The rain began to spatter as we sat and poured over the words.  It was sweet and refreshing, and one of the grandmother’s in the house asked me for a Bible.  Her voice was shaken and tender.  Her eyes were soft and her heart was open.  We’d brought just one Creole Bible with us.  It was, as always, just enough.

Soon after, Rose Bertrand arrived, ready to show us to her home.  
When we got there, her brother ran to get us all coconuts, and even Bruiser the Dog got to have some coconut meat.  
I’ve never seen a dog eat that before, but he was more than happy to scarf it down.  We were introduced to Rose's mother, and her new niece.

We sat in her home, and Rose went to her dresser and pulled out a Haitian Songbook.  She’d didn’t know Chelo well, and didn’t know he was a Christian, so she asked him if he’d received the Lord.  
Chelo gave her a stern look and told her that he didn’t know Jesus, to which I began to object. He shot me a look which meant, ‘play along’. I knew he was a Christian, and it took me a few seconds to catch on that he was testing her.  

Rose Bertrand sat there and gave this young man the gospel.  She told him all about Jesus and how much He meant to her.  Finally, Chelo began to smile.  
“Very good.” He said.  “Yes. I have received Jesus.  Thank you.”
Rose opened her songbook and began to sing praises.  Her mother, her cousin, her brother, and then the rest of us joined in and began to sing along.  An hour slipped by just singing songs together.  

Then Rose spoke up and out of the blue asked me to preach.
“Preach?”  I said.  “What? Me?”  
“Yes.  Tell us something about life and death. You are not afraid of death.  Tell us why.” She said.
Wow.  I sat back for a moment.  Where did that come from? Where to even begin....
‘How about letting the Spirit lead’, I thought. Philippians came to mind...

‘Yes, and I will continue to rejoice, for I know that through your prayers and the help given by the Spirit of Jesus Christ, what has happened to me will turn out for my deliverance. I eagerly expect and hope that I will in no way be ashamed, but will have sufficient courage so that now as always Christ will be exalted in my body, whether by life or by death. For to me, to live is Christ and to die is gain...(MORE...BETTER...IN ADDITION TO). If I am to go on living in the body, this will mean fruitful labor for me. Yet what shall I choose? I do not know! I am torn between the two: I desire to depart and be with Christ, which is better by far; but it is more necessary for you that I remain in the body.  Convinced of this, I know that I will remain, and I will continue with all of you for your progress and joy in the faith, so that through my being with you again your joy in Christ Jesus will overflow on account of me. 
Whatever happens, conduct yourselves in a manner worthy of the gospel of Christ. Then, whether I come - (UP THIS MOUNTAIN) - and see you or only hear about you in my absence, I will know that you stand firm in one spirit, contending as one man for the faith of the gospel without being frightened in any way by those who oppose you. This is a sign to them that they will be destroyed, but that you will be saved—and that by God. For it has been granted to you on behalf of Christ not only to believe on him, but also to suffer for him, since you are going through the same struggle you saw I had, and now hear that I still have.’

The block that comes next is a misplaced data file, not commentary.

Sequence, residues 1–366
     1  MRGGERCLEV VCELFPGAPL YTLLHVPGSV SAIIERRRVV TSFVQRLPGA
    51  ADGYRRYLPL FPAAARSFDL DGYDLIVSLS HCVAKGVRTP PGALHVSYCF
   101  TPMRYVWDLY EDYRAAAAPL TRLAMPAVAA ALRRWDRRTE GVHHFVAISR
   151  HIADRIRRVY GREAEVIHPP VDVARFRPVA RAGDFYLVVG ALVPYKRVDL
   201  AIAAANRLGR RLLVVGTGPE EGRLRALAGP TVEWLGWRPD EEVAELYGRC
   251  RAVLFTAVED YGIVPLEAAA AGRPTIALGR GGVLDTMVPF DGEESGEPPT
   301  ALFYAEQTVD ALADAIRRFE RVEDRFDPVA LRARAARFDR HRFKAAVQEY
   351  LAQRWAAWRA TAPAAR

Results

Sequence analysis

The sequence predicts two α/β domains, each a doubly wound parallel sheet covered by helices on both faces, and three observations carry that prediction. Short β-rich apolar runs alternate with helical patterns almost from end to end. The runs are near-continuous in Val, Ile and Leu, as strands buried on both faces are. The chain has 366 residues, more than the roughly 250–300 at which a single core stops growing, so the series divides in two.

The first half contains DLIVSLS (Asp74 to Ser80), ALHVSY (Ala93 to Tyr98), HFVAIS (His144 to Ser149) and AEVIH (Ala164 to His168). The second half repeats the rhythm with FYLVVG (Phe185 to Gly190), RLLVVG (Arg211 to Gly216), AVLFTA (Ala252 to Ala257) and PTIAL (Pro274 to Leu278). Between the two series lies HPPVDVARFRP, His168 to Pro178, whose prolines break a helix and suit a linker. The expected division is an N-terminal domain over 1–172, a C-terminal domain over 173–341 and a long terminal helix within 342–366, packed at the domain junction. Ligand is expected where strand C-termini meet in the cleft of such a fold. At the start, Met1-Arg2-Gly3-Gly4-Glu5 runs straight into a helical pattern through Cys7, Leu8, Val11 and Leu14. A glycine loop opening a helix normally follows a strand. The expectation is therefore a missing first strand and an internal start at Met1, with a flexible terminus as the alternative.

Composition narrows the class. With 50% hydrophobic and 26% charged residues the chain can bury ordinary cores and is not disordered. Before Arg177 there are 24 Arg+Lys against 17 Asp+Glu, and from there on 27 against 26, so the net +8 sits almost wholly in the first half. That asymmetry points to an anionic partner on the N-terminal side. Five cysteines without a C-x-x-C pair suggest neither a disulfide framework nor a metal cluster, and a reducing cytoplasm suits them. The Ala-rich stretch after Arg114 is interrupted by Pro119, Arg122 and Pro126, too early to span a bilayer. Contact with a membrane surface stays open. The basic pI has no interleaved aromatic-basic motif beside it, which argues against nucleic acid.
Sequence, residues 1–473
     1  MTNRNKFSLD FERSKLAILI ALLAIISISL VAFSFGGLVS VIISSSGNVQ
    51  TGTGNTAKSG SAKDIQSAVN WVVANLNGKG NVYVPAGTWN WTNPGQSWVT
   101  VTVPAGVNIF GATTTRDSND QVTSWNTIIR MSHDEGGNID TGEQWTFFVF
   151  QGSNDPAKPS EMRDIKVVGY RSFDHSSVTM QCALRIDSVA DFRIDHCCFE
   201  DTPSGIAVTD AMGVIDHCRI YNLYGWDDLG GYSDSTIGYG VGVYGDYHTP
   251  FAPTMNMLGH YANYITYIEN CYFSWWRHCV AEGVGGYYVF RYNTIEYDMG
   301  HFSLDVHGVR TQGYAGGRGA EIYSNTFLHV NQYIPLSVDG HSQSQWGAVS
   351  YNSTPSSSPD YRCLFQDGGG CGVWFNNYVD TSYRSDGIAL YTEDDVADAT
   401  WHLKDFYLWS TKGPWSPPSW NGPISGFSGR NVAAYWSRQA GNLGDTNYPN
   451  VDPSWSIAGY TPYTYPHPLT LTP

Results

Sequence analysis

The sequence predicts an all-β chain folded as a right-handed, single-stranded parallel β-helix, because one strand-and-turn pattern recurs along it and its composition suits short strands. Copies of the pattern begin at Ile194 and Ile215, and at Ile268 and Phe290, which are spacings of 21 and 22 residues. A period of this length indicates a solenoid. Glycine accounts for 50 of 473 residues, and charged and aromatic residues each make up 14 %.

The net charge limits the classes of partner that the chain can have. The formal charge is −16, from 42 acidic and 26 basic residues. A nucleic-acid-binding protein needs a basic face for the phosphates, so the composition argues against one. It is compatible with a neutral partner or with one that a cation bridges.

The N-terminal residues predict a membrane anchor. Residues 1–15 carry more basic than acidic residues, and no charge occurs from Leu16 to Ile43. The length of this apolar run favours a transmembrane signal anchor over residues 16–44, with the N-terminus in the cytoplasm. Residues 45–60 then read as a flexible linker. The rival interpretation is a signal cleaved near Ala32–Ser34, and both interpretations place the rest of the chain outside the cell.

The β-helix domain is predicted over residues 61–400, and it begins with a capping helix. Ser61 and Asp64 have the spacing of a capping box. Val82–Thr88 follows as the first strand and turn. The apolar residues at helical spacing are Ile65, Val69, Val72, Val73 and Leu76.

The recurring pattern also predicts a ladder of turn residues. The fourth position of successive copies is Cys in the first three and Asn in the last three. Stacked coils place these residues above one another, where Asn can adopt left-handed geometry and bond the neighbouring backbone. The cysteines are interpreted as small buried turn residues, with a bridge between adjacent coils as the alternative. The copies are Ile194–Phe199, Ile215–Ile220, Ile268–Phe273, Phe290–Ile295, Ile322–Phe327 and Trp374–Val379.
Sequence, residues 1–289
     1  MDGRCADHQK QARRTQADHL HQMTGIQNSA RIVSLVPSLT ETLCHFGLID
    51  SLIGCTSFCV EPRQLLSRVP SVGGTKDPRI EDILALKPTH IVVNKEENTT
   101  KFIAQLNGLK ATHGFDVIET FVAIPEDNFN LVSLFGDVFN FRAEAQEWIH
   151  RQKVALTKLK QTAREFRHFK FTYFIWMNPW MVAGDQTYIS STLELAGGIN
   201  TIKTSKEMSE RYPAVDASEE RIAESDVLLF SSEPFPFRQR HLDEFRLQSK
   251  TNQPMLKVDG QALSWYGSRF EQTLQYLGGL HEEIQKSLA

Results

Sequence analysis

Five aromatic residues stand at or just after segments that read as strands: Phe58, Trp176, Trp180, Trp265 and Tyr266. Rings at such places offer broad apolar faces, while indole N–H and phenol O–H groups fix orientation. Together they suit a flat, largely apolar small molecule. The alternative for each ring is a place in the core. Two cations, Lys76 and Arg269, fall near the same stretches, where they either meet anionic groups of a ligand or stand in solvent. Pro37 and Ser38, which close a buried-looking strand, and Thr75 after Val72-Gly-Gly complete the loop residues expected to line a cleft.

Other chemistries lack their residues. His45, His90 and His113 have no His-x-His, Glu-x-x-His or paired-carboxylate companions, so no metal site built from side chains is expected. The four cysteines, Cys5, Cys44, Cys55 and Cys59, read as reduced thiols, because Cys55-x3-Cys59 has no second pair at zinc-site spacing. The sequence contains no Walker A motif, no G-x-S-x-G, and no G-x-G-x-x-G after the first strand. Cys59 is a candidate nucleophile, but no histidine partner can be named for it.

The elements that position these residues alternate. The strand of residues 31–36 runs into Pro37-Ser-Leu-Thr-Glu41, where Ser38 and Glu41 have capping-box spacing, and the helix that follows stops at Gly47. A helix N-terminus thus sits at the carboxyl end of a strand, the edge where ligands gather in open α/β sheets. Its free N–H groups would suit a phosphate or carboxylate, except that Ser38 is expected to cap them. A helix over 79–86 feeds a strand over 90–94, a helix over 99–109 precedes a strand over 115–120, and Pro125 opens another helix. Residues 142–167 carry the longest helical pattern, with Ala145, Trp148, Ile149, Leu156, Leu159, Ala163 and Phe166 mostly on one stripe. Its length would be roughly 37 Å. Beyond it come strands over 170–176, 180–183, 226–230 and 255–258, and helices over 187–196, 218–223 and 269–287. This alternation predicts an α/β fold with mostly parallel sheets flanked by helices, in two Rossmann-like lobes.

We sang more songs, and every time we’d finish a song, Chelo would ask her to sing another.  It finally became time to leave, and we said our goodbye’s. Rose walked us back out to the main trail, and we saw a strong storm heading straight at us.  It was an eerie feeling that came upon us as the cool wind hit us.  It was as if the mountain suddenly knew we were there.
Time to run for it!

We began double-timing it, fast as we could go to get down off the mountain before the rain hit.  If we were still on top when it came, we knew we’d be sliding down on our backs the whole way.
Abby cut her hand on a cactus, and Chelo had to hold her hand.  I wouldn’t let anyone stop as we began running.  
I’m sure we were a sight to see as we were comin’ round the mountain.
The rain was falling like a wall, just 3 ridges over.
I prayed, 
“God, please hold it back. We need to get down this mountain.  If you don’t hold it back, please make our footing sure.”

The rain came marching up the ridge just across from us....and then it stayed there.  We could feel spatters of stray drops falling from the dark clouds, but the direction of the storm changed by almost a full right turn.  There was a wall of water, falling just on the hill across from us.
We began to sing praises, and the rest of the trip home was a joy.